Tech innovation is fueled by demand. Amazon Web Services (AWS), for example, appeared after the retailer’s need to grow became apparent. But they eventually created a new solution for other services that needed the same technology.
But what kind of demand fuels decentralized technology? Does it have the ability to nourish the next giants of Web 3.0?
Creating a solution to what exactly?
When blockchain first surfaced, crypto experts believed it was the missing piece that could turn decentralization into a dream come true.
This misconception originated from the belief that trusted intermediaries were the only obstacle between users and a free, decentralized, trustless web.
AWS, Azure, and Oracle started to build platforms out of a specific need, mostly to scale ecommerce. But the emerging blockchain ecosystem had previously been locked inside itself: customer adoption has only been possible through the creation of new cryptocurrencies and trading them within the community.
There are also projects like Dogecoin and CryptoKitties. Dogecoin was a currency that Adobe product manager Jackson Palmer created as a joke. Within the first month of its release, it experienced a 300-percent gain, followed by losses when its wallet got hacked.
CryptoKitties, on the other hand, is an app where you can buy and breed a digital pet on blockchain. Users like its looks, but it’s not user-friendly and creates no tangible value.
But is there anyone out there creating symbiotic growth like Amazon (which created demand and brought in new customers outside the community) and AWS (which provided means to scale while being broad enough to have multiple use cases)? Is it also possible for blockchain to build the next Uber service, using only decentralized technology?
The answer is no—or at least not yet. The crucial parts needed to build a decentralized solution are still missing:
- An easily accessible data storage for developers
- Recovery and processing of information in real time
- Immediate access to data from any point in the world
In addition, current blockchain platforms work with overly redundant data protection mechanisms (e.g. Bitcoin and Ethereum, where each node in the network has to store the entire blockchain and perform the computations), while algorithms are cheaper than proof-of-work and regular developers aren’t familiar with blockchain-specific tech.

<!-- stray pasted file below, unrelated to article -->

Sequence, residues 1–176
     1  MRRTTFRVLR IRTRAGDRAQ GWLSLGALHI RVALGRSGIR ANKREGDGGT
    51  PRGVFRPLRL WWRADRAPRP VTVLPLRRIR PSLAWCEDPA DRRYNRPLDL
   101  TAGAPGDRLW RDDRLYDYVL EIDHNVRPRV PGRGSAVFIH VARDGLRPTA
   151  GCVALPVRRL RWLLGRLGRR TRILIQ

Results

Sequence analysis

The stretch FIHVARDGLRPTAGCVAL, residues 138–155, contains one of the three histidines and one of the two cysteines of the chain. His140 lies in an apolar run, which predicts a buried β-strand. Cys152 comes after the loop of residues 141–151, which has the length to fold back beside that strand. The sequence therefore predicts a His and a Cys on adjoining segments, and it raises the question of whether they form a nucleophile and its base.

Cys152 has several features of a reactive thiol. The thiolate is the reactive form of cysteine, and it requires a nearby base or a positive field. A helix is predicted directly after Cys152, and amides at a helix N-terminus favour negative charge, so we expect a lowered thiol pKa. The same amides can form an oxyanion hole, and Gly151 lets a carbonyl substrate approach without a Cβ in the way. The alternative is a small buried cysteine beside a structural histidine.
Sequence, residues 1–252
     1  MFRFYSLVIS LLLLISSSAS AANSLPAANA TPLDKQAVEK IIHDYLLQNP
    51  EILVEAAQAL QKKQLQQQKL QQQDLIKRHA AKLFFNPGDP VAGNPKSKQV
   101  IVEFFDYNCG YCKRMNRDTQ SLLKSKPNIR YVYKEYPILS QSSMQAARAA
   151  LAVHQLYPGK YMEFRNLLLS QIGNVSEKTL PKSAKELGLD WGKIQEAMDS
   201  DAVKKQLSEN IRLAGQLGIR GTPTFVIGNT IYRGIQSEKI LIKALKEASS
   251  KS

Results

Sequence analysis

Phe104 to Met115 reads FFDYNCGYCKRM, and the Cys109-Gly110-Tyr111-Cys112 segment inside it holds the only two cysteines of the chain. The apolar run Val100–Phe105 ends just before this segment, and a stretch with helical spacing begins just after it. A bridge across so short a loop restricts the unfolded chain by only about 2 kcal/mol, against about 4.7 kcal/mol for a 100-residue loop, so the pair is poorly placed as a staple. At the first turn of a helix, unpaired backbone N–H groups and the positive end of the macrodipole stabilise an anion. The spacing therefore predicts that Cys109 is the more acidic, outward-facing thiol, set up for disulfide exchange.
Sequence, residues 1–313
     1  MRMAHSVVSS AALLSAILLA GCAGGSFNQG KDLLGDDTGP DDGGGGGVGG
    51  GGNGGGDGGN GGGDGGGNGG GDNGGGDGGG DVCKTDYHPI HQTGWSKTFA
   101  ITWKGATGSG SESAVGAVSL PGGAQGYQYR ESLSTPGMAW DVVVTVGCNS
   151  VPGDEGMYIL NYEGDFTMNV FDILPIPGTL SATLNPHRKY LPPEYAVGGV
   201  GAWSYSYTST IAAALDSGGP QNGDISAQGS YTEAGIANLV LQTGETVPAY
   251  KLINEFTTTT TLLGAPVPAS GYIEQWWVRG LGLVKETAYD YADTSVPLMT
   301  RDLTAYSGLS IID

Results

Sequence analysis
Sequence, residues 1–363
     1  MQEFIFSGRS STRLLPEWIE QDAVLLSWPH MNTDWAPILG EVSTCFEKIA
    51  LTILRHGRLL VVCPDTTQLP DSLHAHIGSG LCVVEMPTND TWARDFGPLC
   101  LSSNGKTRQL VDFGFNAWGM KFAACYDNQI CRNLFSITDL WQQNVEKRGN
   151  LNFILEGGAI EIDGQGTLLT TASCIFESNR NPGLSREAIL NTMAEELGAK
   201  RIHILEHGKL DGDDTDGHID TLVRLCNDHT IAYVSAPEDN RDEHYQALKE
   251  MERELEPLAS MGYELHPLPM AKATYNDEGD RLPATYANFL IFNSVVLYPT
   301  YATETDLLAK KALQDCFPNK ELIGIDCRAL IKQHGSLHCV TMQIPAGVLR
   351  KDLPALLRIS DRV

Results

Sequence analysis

Of course, there are many great companies developing interesting projects like IPFS (a peer-to-peer data transfer protocol that aims to substitute HTTP) or Lightning Network (a fast payment protocol on blockchain).
Companies like Golem, Storj, and TrueBit are also creating data storages, marketplaces, transfer layers, higher-performing blockchain platforms, distributed computing, and verified computations. All of them improve further research and technological advancements.
Unfortunately, a great product works not as a sum of its parts, but as a whole, serving one purpose and one single demand. All these projects need a focal point for application.
A new, customer-oriented perspective
Blockchain projects today should focus on one single purpose: to build a service for people. Building more platforms and trying to fit blockchain-based solutions into isolated cases won’t create real demand from users. Creating a real solution means answering questions such as:
- How can we serve our users faster?
- How can we protect our user’s data?
- How can we scale to serve our users more?
- How can we provide a better user experience?
We need a service that will successfully translate the benefits of decentralized tech into user-friendly, compelling features that provide a clear value for the end customers.
Blockchain projects today and dapps like CryptoKitties won’t see any growth or mass adoption until we break that barrier.
The fintech world, for example, has already embraced blockchain adoption. Ethereum is already helping to tokenize assets, while other cryptocurrencies are being used for cross-border transfers.
But in order to achieve general internet services such as apps and games built on blockchain, we need to create a better infrastructure first.
Low-level protocols which are building blocks of the internet should first become more mature, stable, and fast. These protocols should be supported by major players on a hardware level.
A fully decentralized internet comes with its own challenges. But its key promise to provide services that can’t be compromised or owned by any single entity, while giving users full control of their digital life, is a challenge worth the risk.